When the war ended he returned to England and, though rejected for military service because of his wounds, eventually found his way into the Special Operations Executive (SOE) which had been formed to carry out clandestine excursions into enemy-held territory. In due course he would be parachuted into Albania, Poland, and Thailand. I’m summarising Kemp’s adventures and it’s well worth reading Baxell’s more complete account of them. On his return to civilian life Kemp “took up selling insurance for Canadian Imperial life Insurance”, employment in which he seems to have been quite successful, though it must have been a curious contrast to his wartime activities. But he clearly couldn’t settle down. In 1956 he was in Budapest, in 1961 in the Belgian Congo. Other trips, working as a reporter, took him to Vietnam and to Nicaragua. Baxell quotes from a report by a fellow-journalist who referred to encountering Kemp in the rain forests of Central America and described him as “a tall, stooped Englishman, now entering his seventies, wearing a well-tailored safari suit, with a shoulder bag full of essential kit, such as maps, a pipe and tobacco, a bottle or two of beer, and a paperback copy of Right Ho, Jeeves”. There’s no doubt that Kemp still saw communism as the key threat, and he sought out anti-communists wherever he was. He died in 1993.

I’ve spent a little time with two contrasting individuals, each doing what they thought was right in the circumstances, and the rest of Baxell’s subjects tend to be more closely aligned with the International Brigades and the British Communist Party.  Malcolm Dunbar and Peter Kerrigan were, in Baxell’s words, representative of “the two wings of the British Communist Movement in the 1930s : one, middle-class, university educated and a member of the London aesthetic set; the other a tough working-class engineer and Trade Unionist from Glasgow”.

Malcolm Dunbar, born in 1912, was the son of Sir Loraine and Lady Dunbar. He was educated at Repton in Derbyshire, moving to Christ’s College, Cambridge in 1930 to read history and economics. Others in Cambridge at that time, included David Haden-Guest, Julian Bell and John Cornford, all of them later in Spain with the International Brigades. When he left Cambridge in 1933 Dunbar made a living in London as a journalist and photographer, “working with a number of leading dance companies, such as Ballet Rambert”.  He went to Spain in January, 1937, and joined the International Brigades. By February he was in action at the Jarama River, where the British Battalion suffered particularly high casualties. Dunbar was wounded. When he returned to the Battalion he was quickly promoted and became commander of the British anti-tank battery.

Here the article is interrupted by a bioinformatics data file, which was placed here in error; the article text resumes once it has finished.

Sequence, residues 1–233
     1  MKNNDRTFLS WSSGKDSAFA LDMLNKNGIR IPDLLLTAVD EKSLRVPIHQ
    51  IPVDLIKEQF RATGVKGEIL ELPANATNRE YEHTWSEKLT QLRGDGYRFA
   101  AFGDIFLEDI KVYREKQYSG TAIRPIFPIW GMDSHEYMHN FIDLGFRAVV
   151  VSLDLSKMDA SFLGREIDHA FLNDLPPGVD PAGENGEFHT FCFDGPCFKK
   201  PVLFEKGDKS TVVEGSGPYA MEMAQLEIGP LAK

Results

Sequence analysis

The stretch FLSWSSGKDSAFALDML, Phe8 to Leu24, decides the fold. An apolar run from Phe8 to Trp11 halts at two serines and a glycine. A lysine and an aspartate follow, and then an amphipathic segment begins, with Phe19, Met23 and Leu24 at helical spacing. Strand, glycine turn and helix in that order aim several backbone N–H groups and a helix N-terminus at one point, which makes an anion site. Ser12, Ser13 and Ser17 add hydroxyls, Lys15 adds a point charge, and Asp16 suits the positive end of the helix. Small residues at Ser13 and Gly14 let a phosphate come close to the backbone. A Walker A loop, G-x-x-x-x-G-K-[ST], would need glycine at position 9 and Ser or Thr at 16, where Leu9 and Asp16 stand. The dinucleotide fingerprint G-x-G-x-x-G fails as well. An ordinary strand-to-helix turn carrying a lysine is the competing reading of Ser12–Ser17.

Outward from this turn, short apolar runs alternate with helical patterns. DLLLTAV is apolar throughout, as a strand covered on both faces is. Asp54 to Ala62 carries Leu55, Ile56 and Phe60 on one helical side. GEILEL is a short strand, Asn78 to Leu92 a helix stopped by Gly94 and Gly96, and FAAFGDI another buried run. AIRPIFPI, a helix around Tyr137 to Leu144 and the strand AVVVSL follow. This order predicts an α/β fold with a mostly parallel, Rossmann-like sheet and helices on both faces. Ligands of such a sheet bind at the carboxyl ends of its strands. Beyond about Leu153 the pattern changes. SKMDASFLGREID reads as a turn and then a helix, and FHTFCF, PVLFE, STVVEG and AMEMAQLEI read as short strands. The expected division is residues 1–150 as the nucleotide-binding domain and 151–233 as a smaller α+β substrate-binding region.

There’s no doubt that Dunbar was highly respected for his military skills and personal courage, but Baxell states that he wasn’t liked as a person : “The sensitive, highbrow and intensely private Dunbar seems to have felt uncomfortable in other people’s company”. There have been suggestions that he was homosexual, which would have been something to hide. And his aloofness and privileged background set him apart from the largely working-class rank-and-file in the British Battalion. But, as already noted, he was admired for his competence as an officer and for his bravery. He was wounded more than once. Bill Alexander, the leading British Communist commissar, described him refusing to be evacuated even when he received “about fifteen fragments in his face, chest and legs.... he keeps calmly puffing on his cigarette while his wounds are dressed”.

When the International Brigades were withdrawn from Spain, Dunbar worked for the Daily Worker and in 1940 he was drafted into the Royal Artillery as a private. He never rose above the rank of sergeant in the British Army, despite his record in Spain and the fact that he was awarded the Military Medal for his “cool calculating courage in the face of the enemy” during the Normandy campaign. When he was discharged in January 1946 he worked for the Labour Research Department, but by 1949 he was moving away from the Communist Party. Baxell says he had “apparently become a drinker and a hypochondriac and was unhappy to the point of depression”. In 1963 a body was washed up on a beach at Milford-on-Sea, near Bournemouth. It was identified as that of Malcolm Dunbar. The formal verdict was suicide, but a friend of Dunbar wasn’t convinced that it was and asked someone she knew who worked in military intelligence to make some enquiries. He did, and advised her to “drop it” and refused to discuss the matter any further. It was known that Dunbar had talked to Kim Philby just prior to the latter’s defection to Russia.